Sunday, April 19, 2009

Jenny Hu Double Feature

Guess Who Killed My Twelve Lovers

1969's Guess Who Killed My Twelve Lovers starts promisingly enough: six attractive young people singing a song extolling the beauties of Hong Kong while riding in a boat touring Victoria Harbour.

But Guess Who Killed My Twelve Lovers is not Hong Kong Nocturne or even The Yellow Muffler; it’s a mess!

Jenny Hu stars as a woman also named Jenny Hu (that’s convenient) who is rumoured to be a killer-on-the-run, specifically a woman who went berserk and murdered a batch of men in one instance (hence the title).

Mr. Ivy Ling-Po, Chin Han, is the lead actor and he’s just not very good at comedy – or is it that the comedy here is just not very good? His scenes feel strained, particularly an early scene where he arms himself with trashcan lids and kitchenware in an attempt to sneak up on and confront Jenny, who he thinks is a killer, as she is hiding in his bathtub.

The whole cast is stranded in a fishing village after a typhoon warning. This conveniently explains why no one can leave and why the phone lines are down which means the whole mistaken identity plot can proceed.

There are too many songs and a lot of silliness: a song about fish being served at dinner!?!; Jenny commandeering a motorboat to rescue a drowning boy from a shark (shades of Adam West fighting a shark in the old Batman theatrical film); disguises, and on and on and on for 90 minutes.

The only thing that made the film watchable for me was the presence of Irene Chen. Now, I think I saw Ms. Chen in We Love Millionaires and The Jade Faced Assassin but I watched the former so long ago and so early in my Shaw cycle that I didn’t take note of her. And I watched the latter recently but she didn’t stick out in my mind.

Here Irene plays a local girl engaged to Chin Han and that provides the gist for the majority of the romantic part of the plot as she thinks that Jenny is going to steal her man and so on.

But her best scene is a stick fight/fistfight with one of the female teens from the boat in the beginning. This scene is actually the only thing that made me laugh in the film and it is quite playful, referencing other wuxia figures like The Golden Swallow seen in other Shaw films.

Brian was kinder to this film than I can be; I have a high tolerance for this kind of silly film, especially from this era, but it felt like something Frankie Avalon and Annette Funicello would have starred in near the end of their career together in the mid-1960’s. Compared to King Drummer or Blue Skies, it's insignificant to me as a viewer.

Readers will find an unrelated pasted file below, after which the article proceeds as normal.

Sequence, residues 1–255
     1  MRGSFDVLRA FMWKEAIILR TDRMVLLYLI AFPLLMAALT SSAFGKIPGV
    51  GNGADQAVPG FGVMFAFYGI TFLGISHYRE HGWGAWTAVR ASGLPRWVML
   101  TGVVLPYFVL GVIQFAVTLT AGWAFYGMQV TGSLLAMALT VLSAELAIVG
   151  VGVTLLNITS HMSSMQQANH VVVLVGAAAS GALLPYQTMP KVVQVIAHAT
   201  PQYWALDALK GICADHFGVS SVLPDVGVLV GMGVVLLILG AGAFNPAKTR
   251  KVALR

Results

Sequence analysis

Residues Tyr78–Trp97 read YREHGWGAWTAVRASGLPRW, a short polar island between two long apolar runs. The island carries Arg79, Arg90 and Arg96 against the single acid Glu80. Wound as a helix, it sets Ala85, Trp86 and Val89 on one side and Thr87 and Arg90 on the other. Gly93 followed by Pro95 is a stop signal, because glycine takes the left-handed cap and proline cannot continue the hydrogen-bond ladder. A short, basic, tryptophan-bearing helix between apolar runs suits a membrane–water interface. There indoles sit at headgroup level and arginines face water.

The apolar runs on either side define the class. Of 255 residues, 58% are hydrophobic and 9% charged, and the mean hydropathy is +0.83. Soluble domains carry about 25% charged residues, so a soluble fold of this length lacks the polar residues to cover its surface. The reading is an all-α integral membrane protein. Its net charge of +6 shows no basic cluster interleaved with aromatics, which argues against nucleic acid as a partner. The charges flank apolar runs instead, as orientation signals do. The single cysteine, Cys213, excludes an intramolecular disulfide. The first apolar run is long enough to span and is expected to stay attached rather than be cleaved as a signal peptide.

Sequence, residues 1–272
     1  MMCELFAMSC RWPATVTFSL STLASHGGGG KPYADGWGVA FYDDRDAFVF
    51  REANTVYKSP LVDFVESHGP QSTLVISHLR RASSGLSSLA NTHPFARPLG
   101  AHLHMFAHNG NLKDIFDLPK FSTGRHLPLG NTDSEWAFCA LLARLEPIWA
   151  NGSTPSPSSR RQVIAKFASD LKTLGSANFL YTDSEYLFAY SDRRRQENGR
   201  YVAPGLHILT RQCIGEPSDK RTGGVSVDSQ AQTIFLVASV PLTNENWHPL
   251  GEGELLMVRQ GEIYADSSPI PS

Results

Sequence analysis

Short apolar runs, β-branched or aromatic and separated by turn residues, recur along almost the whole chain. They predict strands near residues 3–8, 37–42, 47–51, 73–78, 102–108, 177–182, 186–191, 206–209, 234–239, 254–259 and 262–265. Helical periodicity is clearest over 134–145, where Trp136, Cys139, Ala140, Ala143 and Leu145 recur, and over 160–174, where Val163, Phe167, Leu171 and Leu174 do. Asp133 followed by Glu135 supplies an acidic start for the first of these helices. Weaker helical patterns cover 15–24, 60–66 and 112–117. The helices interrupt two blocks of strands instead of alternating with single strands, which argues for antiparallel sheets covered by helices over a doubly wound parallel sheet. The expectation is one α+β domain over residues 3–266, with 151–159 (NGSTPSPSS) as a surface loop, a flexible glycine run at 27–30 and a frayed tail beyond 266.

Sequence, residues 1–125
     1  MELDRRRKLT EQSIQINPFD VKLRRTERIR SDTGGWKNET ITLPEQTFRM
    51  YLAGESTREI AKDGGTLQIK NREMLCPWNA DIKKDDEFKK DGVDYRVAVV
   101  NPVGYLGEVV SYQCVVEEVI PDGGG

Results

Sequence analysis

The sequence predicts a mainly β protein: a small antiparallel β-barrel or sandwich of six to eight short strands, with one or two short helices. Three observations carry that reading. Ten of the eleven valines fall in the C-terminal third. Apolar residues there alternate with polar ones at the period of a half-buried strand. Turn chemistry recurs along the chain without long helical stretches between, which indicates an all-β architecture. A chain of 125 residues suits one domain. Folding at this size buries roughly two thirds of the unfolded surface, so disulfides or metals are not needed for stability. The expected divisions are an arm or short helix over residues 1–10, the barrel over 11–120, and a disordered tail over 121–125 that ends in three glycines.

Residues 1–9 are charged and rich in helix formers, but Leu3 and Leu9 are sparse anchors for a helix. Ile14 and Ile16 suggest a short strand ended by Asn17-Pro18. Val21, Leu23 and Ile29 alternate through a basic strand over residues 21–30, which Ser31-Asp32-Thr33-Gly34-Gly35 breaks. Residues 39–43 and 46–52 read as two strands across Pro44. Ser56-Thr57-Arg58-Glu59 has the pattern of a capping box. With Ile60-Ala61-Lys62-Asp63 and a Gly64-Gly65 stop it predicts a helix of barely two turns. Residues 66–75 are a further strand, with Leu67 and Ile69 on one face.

River of Tears

River of Tears is a short (74 minutes!) over-the-top weepy, like something Douglas Sirk would have directed.

Jenny stars as a nightclub singer who is being blackmailed into performing and seducing men with her act and then blackmailing them for money. After his younger brother falls prey to Jenny’s charms, older brother Chin Han investigates and soon falls in love with Jenny.

Chin Han is much better in this film than in Guess Who Killed My Twelve Lover, though his part is thankless but necessary.

Chin Han’s father is played by Shaw regular Goo Man Chung who I previously knew from various Shaw historical and wuxia films.

The blackmailing gangsters are played by Yeung Chi Hing and Paul Wei who I’ve already seen in dozens of Shaw Brothers features.

The film is frequently ridiculous and rushed in conveying seriously melodramatic material but if you can tolerate this sort of hokey stuff, it’s quite good. Jenny Hu looks a lot better in this film than in Guess Who Killed My Twelve Lovers -- her hairstyles and fashion choices are more suited to her physical features here, I think –- and she seems as an actress better suited to melodrama than to comedy. And if you like her singing, she also gets to sing in this film in a couple of nightclub scenes.

There’s even a very dated slow-motion montage of the young lovers running in the park.

You can order Guess Who Killed My Twelve Lovers on DVD here.

You can order River of Tears on DVD here.